Projects fail to control pollution in Yamuna: CAG

  • Nivedita Khandekar, Hindustan Times, New Delhi
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  • Updated: Jan 02, 2012 00:36 IST

Environment experts had been saying it all through, activists had been pointing it out for a long time and Delhiites knew it better as they see the polluted Yamuna day in and day out. The Performance Audit of Water Pollution in India by the Comptroller and Auditor General (Report 21 of 2011-12) has confirmed it.

None of the projects to control pollution in the Yamuna, which were checked by the CAG audit team, has achieved their objective, the report concluded. The pollution control mechanism was not functional and no details were available for monitoring the projects sanctioned under the National River Conservation Plan (NRCP) for the control of pollution in the Yamuna for all projects, the report pointed out.

In Delhi, 10 projects, all related to control of pollution in the Yamuna, were tested. The nodal agency for the NRCP is the Delhi government, while the implementing agencies are the Delhi Jal Board (DJB) and Municipal Corporation of Delhi (MCD).

According to the report, four sewage treatment plants (STPs) were built for a certain capacity, but the actual sewage generated in respective areas was much more, resulting in several million litres of untreated sewage flowing directly into the river.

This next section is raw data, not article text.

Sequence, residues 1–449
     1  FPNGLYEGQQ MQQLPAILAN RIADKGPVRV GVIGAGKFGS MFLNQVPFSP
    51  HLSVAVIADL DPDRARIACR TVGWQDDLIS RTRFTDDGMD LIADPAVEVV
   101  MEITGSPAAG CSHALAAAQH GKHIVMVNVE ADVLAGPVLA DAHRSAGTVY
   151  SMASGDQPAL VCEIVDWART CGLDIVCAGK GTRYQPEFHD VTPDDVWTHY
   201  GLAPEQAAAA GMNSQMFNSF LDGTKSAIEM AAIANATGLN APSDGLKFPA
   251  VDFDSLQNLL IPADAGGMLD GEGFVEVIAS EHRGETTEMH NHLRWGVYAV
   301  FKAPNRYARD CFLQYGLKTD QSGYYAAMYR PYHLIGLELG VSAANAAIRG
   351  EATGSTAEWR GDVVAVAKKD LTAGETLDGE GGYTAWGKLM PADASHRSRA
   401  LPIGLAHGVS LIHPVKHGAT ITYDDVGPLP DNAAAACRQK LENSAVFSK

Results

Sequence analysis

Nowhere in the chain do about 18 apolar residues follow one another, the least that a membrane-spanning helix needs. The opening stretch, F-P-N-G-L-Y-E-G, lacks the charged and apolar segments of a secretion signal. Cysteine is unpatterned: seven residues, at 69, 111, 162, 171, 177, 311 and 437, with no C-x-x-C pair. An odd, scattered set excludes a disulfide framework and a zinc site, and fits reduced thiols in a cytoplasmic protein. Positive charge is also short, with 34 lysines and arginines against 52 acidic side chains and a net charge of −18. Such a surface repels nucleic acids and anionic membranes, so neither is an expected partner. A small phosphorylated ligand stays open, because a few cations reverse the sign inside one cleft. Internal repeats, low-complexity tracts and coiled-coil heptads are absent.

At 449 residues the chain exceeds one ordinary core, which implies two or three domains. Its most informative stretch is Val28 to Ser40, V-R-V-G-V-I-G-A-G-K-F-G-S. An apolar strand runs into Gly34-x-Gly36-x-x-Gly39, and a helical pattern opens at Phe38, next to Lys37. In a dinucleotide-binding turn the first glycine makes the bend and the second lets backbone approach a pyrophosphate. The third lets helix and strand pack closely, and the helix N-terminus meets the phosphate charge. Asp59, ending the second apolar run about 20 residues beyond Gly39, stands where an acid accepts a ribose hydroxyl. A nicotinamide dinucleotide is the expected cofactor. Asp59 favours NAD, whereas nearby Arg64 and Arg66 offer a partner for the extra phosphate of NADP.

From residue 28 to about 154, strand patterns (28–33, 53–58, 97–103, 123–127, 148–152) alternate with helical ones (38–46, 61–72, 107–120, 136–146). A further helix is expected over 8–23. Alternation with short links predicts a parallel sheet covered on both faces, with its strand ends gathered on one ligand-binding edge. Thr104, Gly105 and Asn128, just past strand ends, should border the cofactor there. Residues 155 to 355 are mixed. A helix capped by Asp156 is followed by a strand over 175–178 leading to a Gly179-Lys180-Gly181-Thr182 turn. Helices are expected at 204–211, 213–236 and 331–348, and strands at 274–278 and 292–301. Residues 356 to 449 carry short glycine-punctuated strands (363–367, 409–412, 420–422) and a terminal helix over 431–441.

One STP was constructed for treating 2 MLD (million litres per day), but the plant is shut since 2007, leading to discharge of untreated sewage in Yamuna. One test-checked STP of 135 MLD capacity was sanctioned in June 2006 and was scheduled to be completed in June 2010. But it was incomplete by the time the report was prepared. Delhi STP projects also topped the list of cost overruns and not meeting the list of deadlines.

“It is not about creation of (right) capacity. There is so much of unplanned growth,” said Ramesh Negi, CEO of DJB, defending the low capacity for an STP unit. “Only 60% of Delhi has sewer network, while 40% is un-serviced. The unauthorised colonies are bound to add to sewage at any STP,” he said, adding, “The trunk sewers, too, are almost 40 years old. Work for its rehabilitation is going on.”

Negi assured that the interceptor sewer programme under the Yamuna Action Plan would help in improving the situation.

Delhi generates approximately 600 million gallons per day (MGD) of sewage, while it has an installed capacity to treat approximately 512.4 MGD wastewater. DJB is in the final stage of preparing the Delhi Sewerage Masterplan (SMP) 2031.


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